The angels are (one is reliably informed) static. They do what they are made to do perfectly, and continue doing it ad infinitum and without variation. (True, one of them shone like the Morning Star, tried on a new role, and fell, declares the prophet; and Christians expanded this hint into the malign mythology of Satan. Well, it goes to show at least that if angels do try on something new, it’s a bad idea.) They sing praises, say Amen, click, stop. But for us, we’re privileged to make even Amen a beginning, to do something new, to look forward to better and better, which is perhaps why R. Menachem back in his cheerful hamlet in the old Russian Empire was becoming hale and roly poly with every kaddish recited— and for a frummer Yid that’s a rich diet indeed.

I was born in 1953. About a decade before, a relative of me Dad’s, R. Kalonymous Kalman Shapira, the Piasechner Rebbe, buried the manuscript of his Torah book Esh Kodesh in the Warsaw Ghetto and went to his death with his Hasidim at the hands of the Nazis, may their name and memory be erased. It was an ending that was part of a bigger ending: the last Torah book in Europe, at the end of the long Jewish civilization on that continent. And five years before my birth, two millennia of Jewish homelessness ended, with the birth of the State of Israel, the first flower, God willing, of our redemption. Endings, and too many mourner’s kaddish prayers to recite in all the time left to the planet, and a conclusion one would think enough, yet after those endings, beginnings.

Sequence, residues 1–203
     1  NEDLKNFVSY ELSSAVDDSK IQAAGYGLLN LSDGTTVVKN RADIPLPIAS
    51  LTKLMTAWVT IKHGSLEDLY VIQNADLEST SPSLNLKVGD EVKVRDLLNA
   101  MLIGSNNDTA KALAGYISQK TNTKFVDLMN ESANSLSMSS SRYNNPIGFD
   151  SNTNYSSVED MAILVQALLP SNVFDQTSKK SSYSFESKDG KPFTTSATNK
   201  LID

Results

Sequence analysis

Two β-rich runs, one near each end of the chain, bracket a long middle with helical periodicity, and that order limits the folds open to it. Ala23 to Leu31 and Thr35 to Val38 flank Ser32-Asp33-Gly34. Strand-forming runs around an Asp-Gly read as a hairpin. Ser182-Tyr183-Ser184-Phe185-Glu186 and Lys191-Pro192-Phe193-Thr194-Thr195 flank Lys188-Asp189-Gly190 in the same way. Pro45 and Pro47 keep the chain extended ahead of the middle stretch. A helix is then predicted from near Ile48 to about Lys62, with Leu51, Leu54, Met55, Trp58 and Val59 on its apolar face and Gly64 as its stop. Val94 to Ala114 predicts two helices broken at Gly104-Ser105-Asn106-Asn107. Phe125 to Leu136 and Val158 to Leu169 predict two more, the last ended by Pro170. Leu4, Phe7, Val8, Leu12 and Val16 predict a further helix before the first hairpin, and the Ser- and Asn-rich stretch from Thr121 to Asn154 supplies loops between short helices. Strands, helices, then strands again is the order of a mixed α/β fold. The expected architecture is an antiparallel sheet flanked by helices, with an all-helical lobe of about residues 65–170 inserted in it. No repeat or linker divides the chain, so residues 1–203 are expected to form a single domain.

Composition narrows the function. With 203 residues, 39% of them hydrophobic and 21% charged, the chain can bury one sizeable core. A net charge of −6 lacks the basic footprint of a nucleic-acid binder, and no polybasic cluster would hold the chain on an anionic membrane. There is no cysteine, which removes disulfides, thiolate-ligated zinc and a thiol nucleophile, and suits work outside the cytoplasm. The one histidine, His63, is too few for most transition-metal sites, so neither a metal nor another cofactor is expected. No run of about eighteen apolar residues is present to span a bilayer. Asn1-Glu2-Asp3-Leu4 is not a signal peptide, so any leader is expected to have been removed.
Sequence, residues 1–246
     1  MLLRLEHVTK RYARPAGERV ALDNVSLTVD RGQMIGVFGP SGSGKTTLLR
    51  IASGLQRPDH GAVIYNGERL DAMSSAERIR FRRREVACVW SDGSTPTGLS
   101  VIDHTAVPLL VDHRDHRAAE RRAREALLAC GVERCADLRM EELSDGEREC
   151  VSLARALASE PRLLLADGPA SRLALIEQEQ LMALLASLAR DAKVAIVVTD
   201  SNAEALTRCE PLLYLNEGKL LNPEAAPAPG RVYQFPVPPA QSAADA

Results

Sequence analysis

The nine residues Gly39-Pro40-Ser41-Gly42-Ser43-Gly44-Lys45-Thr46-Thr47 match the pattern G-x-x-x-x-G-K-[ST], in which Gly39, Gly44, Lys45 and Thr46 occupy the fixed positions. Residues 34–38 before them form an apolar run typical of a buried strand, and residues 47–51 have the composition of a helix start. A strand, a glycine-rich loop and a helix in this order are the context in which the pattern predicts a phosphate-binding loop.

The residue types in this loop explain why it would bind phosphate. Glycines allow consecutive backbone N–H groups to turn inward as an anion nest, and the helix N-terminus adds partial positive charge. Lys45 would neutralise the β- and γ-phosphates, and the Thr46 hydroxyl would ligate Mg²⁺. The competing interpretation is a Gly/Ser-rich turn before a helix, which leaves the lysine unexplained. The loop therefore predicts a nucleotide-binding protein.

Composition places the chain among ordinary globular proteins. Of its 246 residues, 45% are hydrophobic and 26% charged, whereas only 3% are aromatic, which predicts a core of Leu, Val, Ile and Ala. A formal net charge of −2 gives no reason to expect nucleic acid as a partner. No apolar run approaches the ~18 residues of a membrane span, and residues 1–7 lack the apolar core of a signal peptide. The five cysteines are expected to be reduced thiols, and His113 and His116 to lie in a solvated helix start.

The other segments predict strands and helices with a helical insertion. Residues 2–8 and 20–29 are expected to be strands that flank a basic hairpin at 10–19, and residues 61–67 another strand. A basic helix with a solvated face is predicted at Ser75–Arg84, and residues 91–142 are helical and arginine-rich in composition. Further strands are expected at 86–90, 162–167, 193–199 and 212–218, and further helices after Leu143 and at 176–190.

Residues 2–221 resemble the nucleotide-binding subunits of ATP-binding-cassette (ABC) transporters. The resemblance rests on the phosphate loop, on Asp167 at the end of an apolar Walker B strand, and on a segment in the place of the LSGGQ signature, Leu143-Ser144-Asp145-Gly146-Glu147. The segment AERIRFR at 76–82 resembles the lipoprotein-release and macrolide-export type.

So to the illustrious accomplishments of the writers and reporters of the Times of Israel and their readers, now my colleagues all, till now, Amen. To the prayers for our fallen heroes, Amen. To our forefathers, Amen. To all Creation up to this moment, Amen. And now with trepidation before our learned and holy nation, I begin with these words to contribute here to that great play, my verse. Annuit coeptis: May He prosper our undertakings. Shalom— Hello!

About the Author
James R. Russell is Mashtots Professor of Armenian Studies at Harvard University (semi-retired), Distinguished Visiting Professor of the Hebrew University of Jerusalem, and a part-time Lecturer in Jewish Studies and Biblical Hebrew at California State University, Fresno. He is on the Editorial Board of the journal Judaica Petropolitana, St. Petersburg State University, and a founding member of the International Association for Jewish Studies, chartered in the Russian Federation. His PhD is in Zoroastrian Studies, from the School of Oriental Studies of the University of London; and he taught Ancient Iranian languages and religions at Columbia University from 1982-1992.